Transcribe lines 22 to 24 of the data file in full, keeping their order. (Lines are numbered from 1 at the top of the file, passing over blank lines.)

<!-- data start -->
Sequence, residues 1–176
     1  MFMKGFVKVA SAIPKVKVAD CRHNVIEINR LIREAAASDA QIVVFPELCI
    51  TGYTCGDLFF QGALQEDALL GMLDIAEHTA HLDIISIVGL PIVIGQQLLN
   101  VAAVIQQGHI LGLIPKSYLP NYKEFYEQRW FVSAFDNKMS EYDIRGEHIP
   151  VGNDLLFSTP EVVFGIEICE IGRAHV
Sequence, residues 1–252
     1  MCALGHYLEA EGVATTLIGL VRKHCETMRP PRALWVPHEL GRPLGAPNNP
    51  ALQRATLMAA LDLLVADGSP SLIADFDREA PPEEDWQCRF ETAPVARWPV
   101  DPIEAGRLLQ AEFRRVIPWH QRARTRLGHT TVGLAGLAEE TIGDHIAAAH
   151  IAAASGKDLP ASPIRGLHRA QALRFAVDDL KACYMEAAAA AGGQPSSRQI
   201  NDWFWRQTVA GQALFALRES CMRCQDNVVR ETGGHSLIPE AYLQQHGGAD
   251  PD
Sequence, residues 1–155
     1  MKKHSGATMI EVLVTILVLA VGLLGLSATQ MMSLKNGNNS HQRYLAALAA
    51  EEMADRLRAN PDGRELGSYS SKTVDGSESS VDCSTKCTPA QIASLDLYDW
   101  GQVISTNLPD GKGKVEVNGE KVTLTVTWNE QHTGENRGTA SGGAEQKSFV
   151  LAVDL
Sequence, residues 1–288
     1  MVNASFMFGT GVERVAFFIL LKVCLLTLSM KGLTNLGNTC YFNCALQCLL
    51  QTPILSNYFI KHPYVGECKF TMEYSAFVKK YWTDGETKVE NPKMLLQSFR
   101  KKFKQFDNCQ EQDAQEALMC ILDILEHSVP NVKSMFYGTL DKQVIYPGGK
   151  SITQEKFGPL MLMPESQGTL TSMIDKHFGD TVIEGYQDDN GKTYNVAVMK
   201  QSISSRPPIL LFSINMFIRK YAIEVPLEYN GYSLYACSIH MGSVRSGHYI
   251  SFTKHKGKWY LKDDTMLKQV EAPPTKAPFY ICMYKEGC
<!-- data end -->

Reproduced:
   151  SITQEKFGPL MLMPESQGTL TSMIDKHFGD TVIEGYQDDN GKTYNVAVMK
   201  QSISSRPPIL LFSINMFIRK YAIEVPLEYN GYSLYACSIH MGSVRSGHYI
   251  SFTKHKGKWY LKDDTMLKQV EAPPTKAPFY ICMYKEGC